Four Corners of the World - The Great Inca Empire:
The Inca were the last inheritors of an empire begun by the Moche, Nasca and Chimú. From their capital city, Cuzco, their rulers presided over 25,000 kilometers of roads, suspension bridges and 6,000,000 subjects from many nations. The entire kingdom was a single republic governed by the same laws, privileges and customs, rigidly controlled through an ingenious system of socialism that gave everyone the basic necessities of life in return for their work on behalf of the state.
The Inca had no writing system but were able to preserve a wealth of information and oral traditions using quipus or knotted woolen cords. These were stored and “read” by their official interpreters, the quipucamayocs. The official language of the empire, Quechua, or more accurately, Runasimi (People Mouth), had great powers of expression and flexibility and is still spoken extensively throughout the Andean region.
Pachacutec Inca Yupanqui was supreme ruler of the “Four Corners of the World,” comprising Peru, Equador, Bolivia, North West Argentina and the most of Chile by the end of the fifteenth century. Social reformer, architect, engineer, poet and administrator, his genius for design can be seen today in the great agricultural terraces climbing the steep faces of the Andes which are still in use. His sacred hymns, or “jaillis,” were performed during the annual ceremony of the Situa Raymi, held at the first new moon after the Spring equinox and are among the world’s great religious poetry.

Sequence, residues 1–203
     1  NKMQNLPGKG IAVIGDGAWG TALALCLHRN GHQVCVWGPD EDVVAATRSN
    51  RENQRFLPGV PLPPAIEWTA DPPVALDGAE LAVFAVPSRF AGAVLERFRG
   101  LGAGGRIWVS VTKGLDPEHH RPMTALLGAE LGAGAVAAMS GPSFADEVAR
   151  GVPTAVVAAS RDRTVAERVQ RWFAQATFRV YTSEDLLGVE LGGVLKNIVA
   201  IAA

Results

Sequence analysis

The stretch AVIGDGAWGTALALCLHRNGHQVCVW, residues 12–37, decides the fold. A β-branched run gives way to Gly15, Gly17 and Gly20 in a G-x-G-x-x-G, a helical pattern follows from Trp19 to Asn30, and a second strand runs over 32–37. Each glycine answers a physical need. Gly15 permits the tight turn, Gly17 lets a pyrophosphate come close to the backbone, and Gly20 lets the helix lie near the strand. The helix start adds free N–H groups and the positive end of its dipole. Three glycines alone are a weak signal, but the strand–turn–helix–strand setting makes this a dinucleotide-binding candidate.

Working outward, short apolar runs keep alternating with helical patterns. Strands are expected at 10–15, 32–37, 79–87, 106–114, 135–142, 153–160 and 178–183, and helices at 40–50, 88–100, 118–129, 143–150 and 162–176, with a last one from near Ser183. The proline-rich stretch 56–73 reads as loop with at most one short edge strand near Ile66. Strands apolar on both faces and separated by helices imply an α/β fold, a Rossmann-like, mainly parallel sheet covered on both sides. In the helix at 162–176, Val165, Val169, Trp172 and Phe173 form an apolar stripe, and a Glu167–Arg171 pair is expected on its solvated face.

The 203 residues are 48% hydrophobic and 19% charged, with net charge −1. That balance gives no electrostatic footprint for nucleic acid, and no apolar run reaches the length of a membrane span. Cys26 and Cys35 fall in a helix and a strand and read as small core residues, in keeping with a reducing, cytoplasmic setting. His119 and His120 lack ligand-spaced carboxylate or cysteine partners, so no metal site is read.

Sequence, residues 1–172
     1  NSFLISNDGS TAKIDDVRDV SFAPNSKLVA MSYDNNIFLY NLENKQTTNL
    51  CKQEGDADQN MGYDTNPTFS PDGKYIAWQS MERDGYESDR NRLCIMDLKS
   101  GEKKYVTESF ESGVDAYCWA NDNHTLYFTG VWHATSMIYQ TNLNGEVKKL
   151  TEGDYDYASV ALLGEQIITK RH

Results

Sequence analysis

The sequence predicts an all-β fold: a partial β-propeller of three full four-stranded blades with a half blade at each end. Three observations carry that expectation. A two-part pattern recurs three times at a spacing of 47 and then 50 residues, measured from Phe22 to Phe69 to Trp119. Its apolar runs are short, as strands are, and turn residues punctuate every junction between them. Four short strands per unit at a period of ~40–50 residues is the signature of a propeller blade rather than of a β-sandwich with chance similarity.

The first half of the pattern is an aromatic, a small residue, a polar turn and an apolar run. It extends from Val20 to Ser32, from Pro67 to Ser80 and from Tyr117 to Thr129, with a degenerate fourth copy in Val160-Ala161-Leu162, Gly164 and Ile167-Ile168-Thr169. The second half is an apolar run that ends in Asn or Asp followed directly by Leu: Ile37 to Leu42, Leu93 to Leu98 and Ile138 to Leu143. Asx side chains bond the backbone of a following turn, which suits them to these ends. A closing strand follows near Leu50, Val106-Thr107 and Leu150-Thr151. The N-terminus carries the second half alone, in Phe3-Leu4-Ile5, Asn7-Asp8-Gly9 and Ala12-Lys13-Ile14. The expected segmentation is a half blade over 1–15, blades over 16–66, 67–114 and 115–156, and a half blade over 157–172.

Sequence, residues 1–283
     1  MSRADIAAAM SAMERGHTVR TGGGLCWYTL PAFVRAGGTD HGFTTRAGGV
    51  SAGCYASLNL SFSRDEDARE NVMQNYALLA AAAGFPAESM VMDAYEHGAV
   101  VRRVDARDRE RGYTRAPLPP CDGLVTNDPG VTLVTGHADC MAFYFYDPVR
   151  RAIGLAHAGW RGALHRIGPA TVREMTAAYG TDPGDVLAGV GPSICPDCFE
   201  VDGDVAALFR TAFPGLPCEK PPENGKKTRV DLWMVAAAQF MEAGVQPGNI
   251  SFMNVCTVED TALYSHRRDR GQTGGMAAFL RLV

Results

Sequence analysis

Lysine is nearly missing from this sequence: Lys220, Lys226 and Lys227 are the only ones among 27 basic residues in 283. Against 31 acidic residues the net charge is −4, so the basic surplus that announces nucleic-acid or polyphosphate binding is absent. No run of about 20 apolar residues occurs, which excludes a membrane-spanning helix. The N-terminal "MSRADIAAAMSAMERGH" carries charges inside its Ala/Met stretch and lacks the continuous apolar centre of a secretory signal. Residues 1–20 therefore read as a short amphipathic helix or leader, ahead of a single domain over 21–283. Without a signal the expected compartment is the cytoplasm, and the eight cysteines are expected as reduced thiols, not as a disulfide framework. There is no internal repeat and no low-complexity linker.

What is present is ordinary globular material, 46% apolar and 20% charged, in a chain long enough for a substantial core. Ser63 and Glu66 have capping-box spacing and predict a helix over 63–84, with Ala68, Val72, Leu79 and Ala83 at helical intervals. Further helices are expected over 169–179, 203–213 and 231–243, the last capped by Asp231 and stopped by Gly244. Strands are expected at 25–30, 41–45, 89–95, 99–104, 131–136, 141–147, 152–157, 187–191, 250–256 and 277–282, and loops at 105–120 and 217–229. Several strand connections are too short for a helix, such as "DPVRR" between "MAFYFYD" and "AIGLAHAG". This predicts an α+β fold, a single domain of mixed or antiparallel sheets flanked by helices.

Get to know more about the great Inca Empire and bring native cultures of the Americas into the classroom with this stunning presentation!